Ready for the battle of the Champagne brands? Champagne house Bruno Palliard is considering legal action against Bollinger for allegedly copying the shape of their bottle.
Big brands tend to take such things very seriously, and everything from perfume bottles to soft drink bottles have been registered trademarks for years.
According to a Decanter.Com story (from which I've nicked the image to the right) the Palliard bottle shape is based on a 19th century bottle they found in their cellar. Well, unfortunately, Bollinger says the same thing. When you use a 150-year old bottle as the mold, or even the inspiration for your bottle, can you still trademark that shape?
The answer appears to be yes, just as a modern musician can copyright a performance of a piece of Mozart that has been in the public domain for more than 200 years.
Convincing a judge that another bottle looks similar enough to yours to cause confusion with consumers is another thing altogether, however, and it is this principle upon which any legal action will have to rest. Coke famously lost exactly such a case in Europe quite recently, which doesn't bode well for Palliard, though I must admit, the Bollinger bottle looks a bit closer to the Palliard bottle than the Pepsi did to the Coke.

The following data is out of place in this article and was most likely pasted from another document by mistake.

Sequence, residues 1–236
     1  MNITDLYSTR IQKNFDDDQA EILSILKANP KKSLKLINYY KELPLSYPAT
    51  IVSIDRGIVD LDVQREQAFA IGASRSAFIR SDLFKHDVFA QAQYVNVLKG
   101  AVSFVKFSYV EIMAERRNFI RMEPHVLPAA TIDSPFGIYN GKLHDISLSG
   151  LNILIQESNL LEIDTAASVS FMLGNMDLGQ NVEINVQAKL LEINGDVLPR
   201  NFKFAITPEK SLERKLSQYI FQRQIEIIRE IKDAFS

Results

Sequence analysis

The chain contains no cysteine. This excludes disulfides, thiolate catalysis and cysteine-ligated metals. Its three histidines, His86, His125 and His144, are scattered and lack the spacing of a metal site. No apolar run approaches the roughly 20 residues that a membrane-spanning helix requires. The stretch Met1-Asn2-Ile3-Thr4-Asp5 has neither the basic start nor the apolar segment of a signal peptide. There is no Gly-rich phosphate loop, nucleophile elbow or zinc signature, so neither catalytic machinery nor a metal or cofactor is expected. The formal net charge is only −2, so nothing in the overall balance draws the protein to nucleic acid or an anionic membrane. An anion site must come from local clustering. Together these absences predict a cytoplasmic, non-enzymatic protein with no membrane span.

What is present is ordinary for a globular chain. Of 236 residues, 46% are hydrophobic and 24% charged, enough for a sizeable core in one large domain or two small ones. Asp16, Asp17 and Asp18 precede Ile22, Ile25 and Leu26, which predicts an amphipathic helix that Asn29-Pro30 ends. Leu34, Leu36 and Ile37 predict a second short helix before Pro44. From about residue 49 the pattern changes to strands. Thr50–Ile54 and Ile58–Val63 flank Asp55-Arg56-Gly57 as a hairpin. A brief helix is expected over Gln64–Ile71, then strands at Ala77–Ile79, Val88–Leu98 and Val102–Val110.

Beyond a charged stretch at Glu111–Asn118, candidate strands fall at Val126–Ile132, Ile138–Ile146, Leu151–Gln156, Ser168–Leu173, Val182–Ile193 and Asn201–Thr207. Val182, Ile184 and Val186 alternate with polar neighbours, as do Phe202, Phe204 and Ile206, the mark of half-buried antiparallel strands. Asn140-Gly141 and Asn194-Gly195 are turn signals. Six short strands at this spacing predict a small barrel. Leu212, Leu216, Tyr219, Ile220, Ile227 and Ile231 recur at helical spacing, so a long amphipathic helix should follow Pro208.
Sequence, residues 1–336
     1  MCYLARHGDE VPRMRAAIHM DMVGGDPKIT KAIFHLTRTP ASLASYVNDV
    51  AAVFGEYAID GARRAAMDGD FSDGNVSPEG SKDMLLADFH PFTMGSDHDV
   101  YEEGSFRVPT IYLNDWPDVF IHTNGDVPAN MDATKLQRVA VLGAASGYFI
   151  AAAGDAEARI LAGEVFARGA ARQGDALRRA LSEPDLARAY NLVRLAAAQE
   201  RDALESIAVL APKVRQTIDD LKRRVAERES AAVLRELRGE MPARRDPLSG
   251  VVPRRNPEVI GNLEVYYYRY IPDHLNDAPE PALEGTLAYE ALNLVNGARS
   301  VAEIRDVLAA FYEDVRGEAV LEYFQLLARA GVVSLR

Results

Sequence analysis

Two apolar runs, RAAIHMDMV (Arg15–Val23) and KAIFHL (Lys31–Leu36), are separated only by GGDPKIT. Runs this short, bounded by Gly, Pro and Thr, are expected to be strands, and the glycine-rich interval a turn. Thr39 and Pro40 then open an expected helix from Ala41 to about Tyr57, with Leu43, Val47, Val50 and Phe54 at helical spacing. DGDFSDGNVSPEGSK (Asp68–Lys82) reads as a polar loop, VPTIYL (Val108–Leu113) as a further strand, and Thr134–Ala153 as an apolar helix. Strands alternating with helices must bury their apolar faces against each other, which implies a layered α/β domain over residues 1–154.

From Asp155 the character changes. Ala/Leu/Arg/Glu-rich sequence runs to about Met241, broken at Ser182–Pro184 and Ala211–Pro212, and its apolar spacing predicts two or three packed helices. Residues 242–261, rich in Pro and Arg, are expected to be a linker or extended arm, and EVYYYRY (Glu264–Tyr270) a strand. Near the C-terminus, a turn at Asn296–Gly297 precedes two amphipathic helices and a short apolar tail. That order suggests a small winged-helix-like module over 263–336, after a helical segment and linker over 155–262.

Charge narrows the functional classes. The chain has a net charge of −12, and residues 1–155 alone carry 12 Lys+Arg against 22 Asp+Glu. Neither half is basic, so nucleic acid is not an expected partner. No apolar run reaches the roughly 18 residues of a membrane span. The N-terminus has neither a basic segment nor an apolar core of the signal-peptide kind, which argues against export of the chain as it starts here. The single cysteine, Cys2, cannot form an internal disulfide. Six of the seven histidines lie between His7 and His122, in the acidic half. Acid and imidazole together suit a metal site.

How much do you pay attention to bottle shape? I can recall a few specific and distinctive bottle shapes that I associate with certain brands -- the extremely conical Krug Champagne bottle, the melted slump of the Pere Anselme Chateauneuf-du-Pape bottle -- but generally the shape of the bottle is not a part of what I use to identify a specific brand. I pay much more attention to the label design and the colors of the packaging. It must be said, however, that bottle shape seems to be a more common point of differentiation in Champagne than elsewhere, with brands such as Laurent Perrier, and even Dom Perignon having their own specific bottle shapes.
It's easy to see both sides of this conflict. On the one hand, as a producer, you want to do whatever you can to make your product unique and recognizable by consumers, and you have a right to be able to prevent your competitors from blatantly copying what you do in an attempt to steal your customers. On the other hand, there are only so many bottle shapes out there (leaving aside those that are dramatic departures from a basic format) and there is bound to be some similarity simply based on functional needs.
I'm looking forward to the detailed morphological analysis by EU judges, which I'm sure will prove riveting reading.... "The diameter of the neck when the curve of the bottle reaches two degrees from the vertical is 11 millimetres on this bottle but it is 9 millimetres on the other."
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